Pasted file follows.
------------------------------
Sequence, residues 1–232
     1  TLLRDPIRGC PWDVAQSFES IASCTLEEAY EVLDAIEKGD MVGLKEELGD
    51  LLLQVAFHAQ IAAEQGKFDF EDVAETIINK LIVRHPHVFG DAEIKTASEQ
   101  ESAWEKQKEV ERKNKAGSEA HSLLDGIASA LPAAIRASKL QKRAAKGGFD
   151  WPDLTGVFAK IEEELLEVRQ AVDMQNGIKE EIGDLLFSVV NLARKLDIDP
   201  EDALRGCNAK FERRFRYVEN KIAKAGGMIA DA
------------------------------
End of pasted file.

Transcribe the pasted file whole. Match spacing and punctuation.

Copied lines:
Sequence, residues 1–232
     1  TLLRDPIRGC PWDVAQSFES IASCTLEEAY EVLDAIEKGD MVGLKEELGD
    51  LLLQVAFHAQ IAAEQGKFDF EDVAETIINK LIVRHPHVFG DAEIKTASEQ
   101  ESAWEKQKEV ERKNKAGSEA HSLLDGIASA LPAAIRASKL QKRAAKGGFD
   151  WPDLTGVFAK IEEELLEVRQ AVDMQNGIKE EIGDLLFSVV NLARKLDIDP
   201  EDALRGCNAK FERRFRYVEN KIAKAGGMIA DA